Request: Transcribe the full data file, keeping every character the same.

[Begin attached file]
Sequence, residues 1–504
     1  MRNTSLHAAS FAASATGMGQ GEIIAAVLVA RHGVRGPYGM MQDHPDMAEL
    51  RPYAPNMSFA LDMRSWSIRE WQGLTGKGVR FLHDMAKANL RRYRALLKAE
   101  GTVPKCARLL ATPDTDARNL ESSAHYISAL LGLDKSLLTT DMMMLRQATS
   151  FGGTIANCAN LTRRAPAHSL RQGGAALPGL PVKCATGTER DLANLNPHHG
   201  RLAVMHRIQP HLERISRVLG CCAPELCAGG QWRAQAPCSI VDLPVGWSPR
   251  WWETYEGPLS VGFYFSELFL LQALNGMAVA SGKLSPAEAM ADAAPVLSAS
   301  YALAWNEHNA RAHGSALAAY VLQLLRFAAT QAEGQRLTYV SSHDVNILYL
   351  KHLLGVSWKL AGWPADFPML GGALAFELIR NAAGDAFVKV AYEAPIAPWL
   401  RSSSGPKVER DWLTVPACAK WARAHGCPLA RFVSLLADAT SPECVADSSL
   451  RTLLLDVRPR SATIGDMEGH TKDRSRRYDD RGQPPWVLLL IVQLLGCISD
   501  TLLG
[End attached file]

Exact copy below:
Sequence, residues 1–504
     1  MRNTSLHAAS FAASATGMGQ GEIIAAVLVA RHGVRGPYGM MQDHPDMAEL
    51  RPYAPNMSFA LDMRSWSIRE WQGLTGKGVR FLHDMAKANL RRYRALLKAE
   101  GTVPKCARLL ATPDTDARNL ESSAHYISAL LGLDKSLLTT DMMMLRQATS
   151  FGGTIANCAN LTRRAPAHSL RQGGAALPGL PVKCATGTER DLANLNPHHG
   201  RLAVMHRIQP HLERISRVLG CCAPELCAGG QWRAQAPCSI VDLPVGWSPR
   251  WWETYEGPLS VGFYFSELFL LQALNGMAVA SGKLSPAEAM ADAAPVLSAS
   301  YALAWNEHNA RAHGSALAAY VLQLLRFAAT QAEGQRLTYV SSHDVNILYL
   351  KHLLGVSWKL AGWPADFPML GGALAFELIR NAAGDAFVKV AYEAPIAPWL
   401  RSSSGPKVER DWLTVPACAK WARAHGCPLA RFVSLLADAT SPECVADSSL
   451  RTLLLDVRPR SATIGDMEGH TKDRSRRYDD RGQPPWVLLL IVQLLGCISD
   501  TLLG